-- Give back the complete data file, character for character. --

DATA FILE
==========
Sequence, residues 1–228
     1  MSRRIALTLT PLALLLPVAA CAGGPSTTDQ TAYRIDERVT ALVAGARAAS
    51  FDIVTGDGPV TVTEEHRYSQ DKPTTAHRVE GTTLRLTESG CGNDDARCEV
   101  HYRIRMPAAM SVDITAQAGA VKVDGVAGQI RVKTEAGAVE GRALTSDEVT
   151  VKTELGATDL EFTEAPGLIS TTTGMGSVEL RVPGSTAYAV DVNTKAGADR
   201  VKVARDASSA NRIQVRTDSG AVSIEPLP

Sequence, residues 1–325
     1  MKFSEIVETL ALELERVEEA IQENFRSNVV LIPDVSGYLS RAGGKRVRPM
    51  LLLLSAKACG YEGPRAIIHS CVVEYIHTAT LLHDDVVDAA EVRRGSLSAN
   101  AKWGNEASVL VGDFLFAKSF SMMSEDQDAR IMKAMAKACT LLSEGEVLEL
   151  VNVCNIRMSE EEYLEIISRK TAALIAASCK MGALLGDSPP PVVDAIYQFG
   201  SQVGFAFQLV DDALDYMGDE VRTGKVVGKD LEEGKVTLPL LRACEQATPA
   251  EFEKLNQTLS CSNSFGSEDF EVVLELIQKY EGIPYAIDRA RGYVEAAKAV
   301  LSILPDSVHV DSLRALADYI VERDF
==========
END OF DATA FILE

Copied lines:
Sequence, residues 1–228
     1  MSRRIALTLT PLALLLPVAA CAGGPSTTDQ TAYRIDERVT ALVAGARAAS
    51  FDIVTGDGPV TVTEEHRYSQ DKPTTAHRVE GTTLRLTESG CGNDDARCEV
   101  HYRIRMPAAM SVDITAQAGA VKVDGVAGQI RVKTEAGAVE GRALTSDEVT
   151  VKTELGATDL EFTEAPGLIS TTTGMGSVEL RVPGSTAYAV DVNTKAGADR
   201  VKVARDASSA NRIQVRTDSG AVSIEPLP

Sequence, residues 1–325
     1  MKFSEIVETL ALELERVEEA IQENFRSNVV LIPDVSGYLS RAGGKRVRPM
    51  LLLLSAKACG YEGPRAIIHS CVVEYIHTAT LLHDDVVDAA EVRRGSLSAN
   101  AKWGNEASVL VGDFLFAKSF SMMSEDQDAR IMKAMAKACT LLSEGEVLEL
   151  VNVCNIRMSE EEYLEIISRK TAALIAASCK MGALLGDSPP PVVDAIYQFG
   201  SQVGFAFQLV DDALDYMGDE VRTGKVVGKD LEEGKVTLPL LRACEQATPA
   251  EFEKLNQTLS CSNSFGSEDF EVVLELIQKY EGIPYAIDRA RGYVEAAKAV
   301  LSILPDSVHV DSLRALADYI VERDF